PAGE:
Metro Meteor, the famous painting horse who earns his keep by creating artwork with a brush and paint, has been stricken once again with an eye condition known to be the leading cause of blindness in equines.
Six months after battling back from sudden onset blindness caused by equine uveitis, Metro began showing signs last week that the worrisome condition had returned, says owner and pet portrait artist Ron Krajewski.
This time, however, the “squinty eye” symptom Metro had this week, a sent up immediate alarm bells. And the veterinarian rushed in to diagnose and treat the condition, says Krajewski.
Race name: Metro Meteor
Sire: City Zip
Dam: Here Comes Nikki
Foal date: March 13, 2003
Earnings: $299,420“It looks like we caught it early this time, and we’re hoping the oral meds stop it from progressing,” he says, noting Metro is being treated with oral dexamethasone. “The last time, he developed the condition in both eyes, in front and back of the eyes, and it caused him to go black blind.”
At this juncture, Metro’s eyesight seems unaffected, and Krajewski is hopeful that medication will stave off the condition while plans are made for a more permanent surgical intervention. Krajewski will schedule an appointment for his 13-year-old gelding at the renowned New Bolton Center, the same hospital that cared for Kentucky Derby winner Barbaro. If all goes to plan, Metro will be scheduled for a state-of-the-art implant surgery, which will place a chip in his eyeball to provide time-released medical protection, he explains.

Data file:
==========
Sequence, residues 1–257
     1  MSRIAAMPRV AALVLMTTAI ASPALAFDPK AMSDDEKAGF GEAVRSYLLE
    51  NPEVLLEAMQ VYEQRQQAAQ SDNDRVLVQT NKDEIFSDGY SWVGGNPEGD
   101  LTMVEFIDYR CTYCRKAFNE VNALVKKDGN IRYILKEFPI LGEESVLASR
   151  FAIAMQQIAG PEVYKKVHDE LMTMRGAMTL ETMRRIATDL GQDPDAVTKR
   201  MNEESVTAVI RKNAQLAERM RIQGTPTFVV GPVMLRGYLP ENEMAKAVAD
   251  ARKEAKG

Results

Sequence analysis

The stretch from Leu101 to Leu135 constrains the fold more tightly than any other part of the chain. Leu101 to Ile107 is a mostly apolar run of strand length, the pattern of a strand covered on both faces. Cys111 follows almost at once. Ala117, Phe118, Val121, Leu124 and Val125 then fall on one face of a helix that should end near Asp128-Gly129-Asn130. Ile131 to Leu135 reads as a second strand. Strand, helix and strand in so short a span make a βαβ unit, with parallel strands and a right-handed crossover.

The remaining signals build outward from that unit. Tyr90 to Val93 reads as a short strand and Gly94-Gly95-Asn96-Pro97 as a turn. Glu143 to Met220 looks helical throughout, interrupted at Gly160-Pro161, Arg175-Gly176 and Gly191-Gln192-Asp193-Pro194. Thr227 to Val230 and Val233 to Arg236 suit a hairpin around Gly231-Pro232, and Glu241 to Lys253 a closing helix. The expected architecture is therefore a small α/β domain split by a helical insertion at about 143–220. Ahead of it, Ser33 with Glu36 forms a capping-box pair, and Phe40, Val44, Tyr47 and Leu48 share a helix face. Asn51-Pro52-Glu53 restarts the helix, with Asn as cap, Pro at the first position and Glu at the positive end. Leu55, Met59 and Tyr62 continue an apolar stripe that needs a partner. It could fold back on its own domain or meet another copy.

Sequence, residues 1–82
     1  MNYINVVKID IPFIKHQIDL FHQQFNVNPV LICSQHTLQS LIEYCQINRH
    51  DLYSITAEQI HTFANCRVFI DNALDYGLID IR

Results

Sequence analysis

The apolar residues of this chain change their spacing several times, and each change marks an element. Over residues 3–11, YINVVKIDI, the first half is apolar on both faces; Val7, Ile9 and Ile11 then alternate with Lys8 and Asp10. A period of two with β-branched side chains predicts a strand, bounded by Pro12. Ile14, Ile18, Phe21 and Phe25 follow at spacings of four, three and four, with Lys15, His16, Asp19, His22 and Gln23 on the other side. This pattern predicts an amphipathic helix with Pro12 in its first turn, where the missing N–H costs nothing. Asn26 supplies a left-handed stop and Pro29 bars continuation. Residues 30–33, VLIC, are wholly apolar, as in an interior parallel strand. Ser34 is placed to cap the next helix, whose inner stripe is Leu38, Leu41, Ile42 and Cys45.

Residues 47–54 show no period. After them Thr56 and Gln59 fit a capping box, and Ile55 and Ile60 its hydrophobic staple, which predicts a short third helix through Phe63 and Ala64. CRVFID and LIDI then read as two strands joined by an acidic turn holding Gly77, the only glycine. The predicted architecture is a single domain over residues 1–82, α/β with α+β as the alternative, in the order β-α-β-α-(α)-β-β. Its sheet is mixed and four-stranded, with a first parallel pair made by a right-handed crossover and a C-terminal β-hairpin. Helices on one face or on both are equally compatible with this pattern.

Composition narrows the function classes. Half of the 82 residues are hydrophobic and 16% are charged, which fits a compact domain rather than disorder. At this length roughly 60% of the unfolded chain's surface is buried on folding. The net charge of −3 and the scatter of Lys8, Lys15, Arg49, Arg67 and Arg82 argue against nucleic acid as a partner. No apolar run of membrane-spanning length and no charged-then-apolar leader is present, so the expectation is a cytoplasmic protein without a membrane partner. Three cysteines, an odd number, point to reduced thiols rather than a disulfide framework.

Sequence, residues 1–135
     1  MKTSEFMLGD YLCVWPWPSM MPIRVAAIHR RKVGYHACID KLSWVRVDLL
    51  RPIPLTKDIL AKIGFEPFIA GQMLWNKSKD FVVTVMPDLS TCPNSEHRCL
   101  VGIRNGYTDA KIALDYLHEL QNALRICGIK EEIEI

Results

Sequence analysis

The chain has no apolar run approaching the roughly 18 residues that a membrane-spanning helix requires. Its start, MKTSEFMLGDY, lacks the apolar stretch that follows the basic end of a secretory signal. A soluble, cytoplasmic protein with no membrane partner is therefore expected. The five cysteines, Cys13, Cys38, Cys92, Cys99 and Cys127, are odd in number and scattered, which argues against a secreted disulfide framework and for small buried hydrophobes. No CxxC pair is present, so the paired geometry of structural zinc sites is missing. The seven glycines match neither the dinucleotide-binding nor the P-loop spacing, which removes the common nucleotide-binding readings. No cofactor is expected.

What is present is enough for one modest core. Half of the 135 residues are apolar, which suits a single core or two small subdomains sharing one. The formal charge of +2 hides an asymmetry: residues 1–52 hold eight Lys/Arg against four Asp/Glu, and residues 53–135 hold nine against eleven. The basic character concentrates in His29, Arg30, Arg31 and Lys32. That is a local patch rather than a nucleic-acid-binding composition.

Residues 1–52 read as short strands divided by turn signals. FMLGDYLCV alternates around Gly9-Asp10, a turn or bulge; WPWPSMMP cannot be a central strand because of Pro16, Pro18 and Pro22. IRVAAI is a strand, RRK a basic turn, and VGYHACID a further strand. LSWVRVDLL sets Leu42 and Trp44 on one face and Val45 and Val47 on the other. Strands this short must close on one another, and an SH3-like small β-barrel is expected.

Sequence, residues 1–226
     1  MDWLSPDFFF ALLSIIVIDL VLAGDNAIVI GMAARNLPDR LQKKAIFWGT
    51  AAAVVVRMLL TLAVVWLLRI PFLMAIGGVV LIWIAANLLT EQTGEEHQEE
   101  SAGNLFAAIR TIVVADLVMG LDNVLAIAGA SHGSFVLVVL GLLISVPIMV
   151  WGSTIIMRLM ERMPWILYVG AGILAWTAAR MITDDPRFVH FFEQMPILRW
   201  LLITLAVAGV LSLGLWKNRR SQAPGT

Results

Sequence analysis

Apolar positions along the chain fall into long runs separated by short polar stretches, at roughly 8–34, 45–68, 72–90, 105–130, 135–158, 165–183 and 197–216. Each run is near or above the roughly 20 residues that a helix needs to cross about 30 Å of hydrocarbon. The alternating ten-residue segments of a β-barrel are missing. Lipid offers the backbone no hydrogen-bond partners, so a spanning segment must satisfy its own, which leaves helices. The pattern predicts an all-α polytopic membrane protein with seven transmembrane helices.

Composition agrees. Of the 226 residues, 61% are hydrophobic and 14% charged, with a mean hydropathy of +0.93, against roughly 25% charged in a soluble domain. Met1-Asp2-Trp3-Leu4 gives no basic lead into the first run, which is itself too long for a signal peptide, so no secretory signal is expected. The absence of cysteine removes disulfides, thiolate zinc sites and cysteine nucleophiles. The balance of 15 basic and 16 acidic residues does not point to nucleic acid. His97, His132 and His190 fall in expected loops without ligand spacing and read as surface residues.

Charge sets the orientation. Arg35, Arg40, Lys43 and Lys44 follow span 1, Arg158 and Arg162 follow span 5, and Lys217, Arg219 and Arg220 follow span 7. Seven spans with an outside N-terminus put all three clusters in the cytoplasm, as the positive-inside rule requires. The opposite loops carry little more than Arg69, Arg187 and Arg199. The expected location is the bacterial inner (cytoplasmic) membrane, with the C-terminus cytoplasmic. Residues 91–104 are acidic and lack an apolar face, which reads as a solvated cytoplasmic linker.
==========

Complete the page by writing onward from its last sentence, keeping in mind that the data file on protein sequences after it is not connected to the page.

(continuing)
“Each surgery is about $1,500 an eye and the treatment lasts for 36 months,” Krajewski says. “We’ll do everything we can to protect his vision, because he did not do well with blindness when he was stricken last December.”
When the world went black, Metro panicked. He thrashed in his stall and required sedation and confinement.
Metro’s eyes have been invaluable in the Thoroughbred’s transformation from racehorse to artist. Shortly after Krajewski adopted him as a riding horse, the portrait artist got the crazy idea to teach Metro to hold a paintbrush in his teeth. From there, it didn’t take long for Metro to brush bright acrylic paint across canvas, creating abstract art and budding into a celebrity featured in mainstream press coverage, and national news programs.
In the years since he began painting in a stall “studio” alongside Krajewski, Metro has sold approximately 400 paintings. Proceeds have gone toward his medical care, which includes treatments to address significant knee problems. And, the remainder, approximately $60,000, has been donated to New Vocations Racehorse Adoption.
In earlier stories about Metro, Krajewski joked that Metro was “the most expensive free horse ever.” This week, as he and Metro faced another bout with equine uveitis, his owner was philosophical. It has been a great, wild ride with Metro, his famous horse. And no, should anything ever happen to Metro, he will not be getting another horse, he says. “My horse ownership will begin and end with Metro,” he says. “I’ll never have another horse after this.”